You may have heard Professor Andrew Huberman mention yerba mate on one of his podcasts or interviews.
Yerba mate is a caffeine drink, much like tea, that is popular across South America.
The topic of yerba mate comes up quite often on the Huberman Lab podcast, particularly around discussions related to dopamine, fat loss, and sleep.
In this post, we will cover the health benefits of yerba mate, which yerba mate brand Huberman uses, and why he is such a strong proponent of yerba mate consumption.
- Huberman’s Choice: Anna Park Yerba Mate
What is Yerba Mate?
Yerba Mate is a traditional South American drink made from the dried leaves of Ilex paraguariensis, a species of holly native to the region.
The preparation of yerba mate involves steeping the dried leaves in hot water, much like tea.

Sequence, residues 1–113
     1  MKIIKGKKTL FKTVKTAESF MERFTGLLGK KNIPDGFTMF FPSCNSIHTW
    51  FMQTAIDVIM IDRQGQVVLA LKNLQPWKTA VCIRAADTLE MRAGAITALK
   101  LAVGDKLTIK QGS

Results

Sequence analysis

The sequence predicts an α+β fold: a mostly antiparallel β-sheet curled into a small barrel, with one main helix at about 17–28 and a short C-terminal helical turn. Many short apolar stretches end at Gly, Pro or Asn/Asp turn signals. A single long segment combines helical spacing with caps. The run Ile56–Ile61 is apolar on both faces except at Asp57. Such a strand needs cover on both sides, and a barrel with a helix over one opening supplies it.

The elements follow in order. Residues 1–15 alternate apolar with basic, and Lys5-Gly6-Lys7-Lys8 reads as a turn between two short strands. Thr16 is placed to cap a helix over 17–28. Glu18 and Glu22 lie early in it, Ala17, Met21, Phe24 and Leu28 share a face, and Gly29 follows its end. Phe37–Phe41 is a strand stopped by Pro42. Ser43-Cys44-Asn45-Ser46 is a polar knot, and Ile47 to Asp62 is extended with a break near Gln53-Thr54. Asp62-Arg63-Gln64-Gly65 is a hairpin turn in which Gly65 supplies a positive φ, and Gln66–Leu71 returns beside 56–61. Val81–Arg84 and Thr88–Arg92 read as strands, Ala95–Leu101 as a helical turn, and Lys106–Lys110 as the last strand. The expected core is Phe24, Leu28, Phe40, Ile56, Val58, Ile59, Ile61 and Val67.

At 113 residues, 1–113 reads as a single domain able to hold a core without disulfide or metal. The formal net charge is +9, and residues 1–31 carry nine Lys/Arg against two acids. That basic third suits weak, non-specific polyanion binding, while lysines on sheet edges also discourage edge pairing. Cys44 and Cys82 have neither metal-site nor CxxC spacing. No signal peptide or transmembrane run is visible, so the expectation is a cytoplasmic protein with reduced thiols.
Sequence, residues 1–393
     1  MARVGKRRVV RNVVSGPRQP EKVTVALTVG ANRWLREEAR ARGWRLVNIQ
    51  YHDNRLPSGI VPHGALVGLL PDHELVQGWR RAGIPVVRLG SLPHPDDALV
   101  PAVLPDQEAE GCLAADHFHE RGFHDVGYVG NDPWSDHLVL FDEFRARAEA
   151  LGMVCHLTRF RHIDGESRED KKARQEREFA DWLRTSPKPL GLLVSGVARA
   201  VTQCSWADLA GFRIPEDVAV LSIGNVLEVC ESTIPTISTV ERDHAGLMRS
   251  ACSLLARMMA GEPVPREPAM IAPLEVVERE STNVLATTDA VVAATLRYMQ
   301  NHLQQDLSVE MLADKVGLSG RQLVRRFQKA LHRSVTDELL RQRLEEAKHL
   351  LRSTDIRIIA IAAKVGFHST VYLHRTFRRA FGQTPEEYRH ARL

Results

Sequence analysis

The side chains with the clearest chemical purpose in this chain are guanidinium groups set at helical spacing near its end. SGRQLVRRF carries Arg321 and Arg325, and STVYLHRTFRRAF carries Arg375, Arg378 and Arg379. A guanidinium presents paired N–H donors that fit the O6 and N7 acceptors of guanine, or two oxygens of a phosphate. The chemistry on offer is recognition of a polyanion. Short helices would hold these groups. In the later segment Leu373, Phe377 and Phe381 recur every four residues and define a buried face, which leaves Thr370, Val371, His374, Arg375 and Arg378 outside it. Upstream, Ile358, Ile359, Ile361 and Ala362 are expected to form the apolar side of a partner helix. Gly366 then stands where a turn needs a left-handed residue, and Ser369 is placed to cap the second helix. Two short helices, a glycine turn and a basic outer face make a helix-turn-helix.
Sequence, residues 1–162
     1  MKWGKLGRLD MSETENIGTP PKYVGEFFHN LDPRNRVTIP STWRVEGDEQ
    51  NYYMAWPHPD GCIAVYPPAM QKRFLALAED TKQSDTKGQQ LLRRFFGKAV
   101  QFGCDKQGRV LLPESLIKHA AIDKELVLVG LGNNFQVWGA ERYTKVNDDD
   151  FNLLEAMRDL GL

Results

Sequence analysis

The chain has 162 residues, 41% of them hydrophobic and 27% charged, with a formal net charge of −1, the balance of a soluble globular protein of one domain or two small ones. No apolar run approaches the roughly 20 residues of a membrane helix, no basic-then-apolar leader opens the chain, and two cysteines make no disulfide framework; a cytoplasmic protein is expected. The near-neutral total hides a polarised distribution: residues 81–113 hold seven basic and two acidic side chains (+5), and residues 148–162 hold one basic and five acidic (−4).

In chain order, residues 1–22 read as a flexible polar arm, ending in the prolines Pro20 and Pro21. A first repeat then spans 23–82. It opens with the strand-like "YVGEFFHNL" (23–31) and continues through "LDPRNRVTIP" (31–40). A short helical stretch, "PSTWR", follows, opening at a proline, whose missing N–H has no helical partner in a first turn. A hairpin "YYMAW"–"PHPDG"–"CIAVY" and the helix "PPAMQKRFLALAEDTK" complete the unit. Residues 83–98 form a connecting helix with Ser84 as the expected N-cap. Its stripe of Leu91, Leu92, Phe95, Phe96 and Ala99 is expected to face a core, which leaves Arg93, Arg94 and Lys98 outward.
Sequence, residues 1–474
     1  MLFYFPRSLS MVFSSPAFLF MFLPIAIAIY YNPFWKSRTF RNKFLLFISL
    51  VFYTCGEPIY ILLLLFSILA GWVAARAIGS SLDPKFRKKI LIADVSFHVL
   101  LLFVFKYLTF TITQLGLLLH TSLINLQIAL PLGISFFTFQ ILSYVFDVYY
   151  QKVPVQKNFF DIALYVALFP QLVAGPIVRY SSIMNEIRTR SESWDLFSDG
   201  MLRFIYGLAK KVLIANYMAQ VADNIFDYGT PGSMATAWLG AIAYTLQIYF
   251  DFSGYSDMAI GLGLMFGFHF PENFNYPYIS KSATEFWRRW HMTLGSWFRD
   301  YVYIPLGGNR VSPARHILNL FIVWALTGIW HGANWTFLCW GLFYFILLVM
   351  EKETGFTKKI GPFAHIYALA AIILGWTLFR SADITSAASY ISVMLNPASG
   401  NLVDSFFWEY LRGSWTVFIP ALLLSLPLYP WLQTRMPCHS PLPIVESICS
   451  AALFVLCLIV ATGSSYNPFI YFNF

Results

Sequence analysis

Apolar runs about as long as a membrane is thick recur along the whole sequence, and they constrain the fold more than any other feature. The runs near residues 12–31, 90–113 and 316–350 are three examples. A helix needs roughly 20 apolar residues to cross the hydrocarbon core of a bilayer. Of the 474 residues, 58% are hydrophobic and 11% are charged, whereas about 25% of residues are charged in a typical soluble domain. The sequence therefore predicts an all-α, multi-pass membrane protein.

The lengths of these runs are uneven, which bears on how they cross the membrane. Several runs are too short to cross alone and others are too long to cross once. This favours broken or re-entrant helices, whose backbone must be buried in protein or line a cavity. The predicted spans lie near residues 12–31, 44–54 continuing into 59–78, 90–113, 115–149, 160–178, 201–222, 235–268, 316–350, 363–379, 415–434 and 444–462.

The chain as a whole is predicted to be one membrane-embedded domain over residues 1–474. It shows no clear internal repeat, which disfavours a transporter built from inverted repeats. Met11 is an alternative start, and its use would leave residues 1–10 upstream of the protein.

Recommended brewing temperatures are lower than other teas, around 60 to 65 degrees Celcius.
Yerba mate has a distinctive flavor, often described as being somewhat similar to green tea but with a more herbal, grassy character.
It’s also well-known for its caffeine content.
The caffeine level is typically somewhere between that of tea and coffee, making it a popular choice for a stimulating drink.
However, if you are brewing yerba mate in a traditional gourd or container, the caffeine content will likely be much higher.
The number of times you refill your yerba mate cup with hot water will also impact the amount of caffeine you consume.
In addition to caffeine, yerba mate contains a number of vitamins, minerals, and antioxidants.
|Beverage||Antioxidant Content||Caffeine Content per 8oz||Notable Nutrients|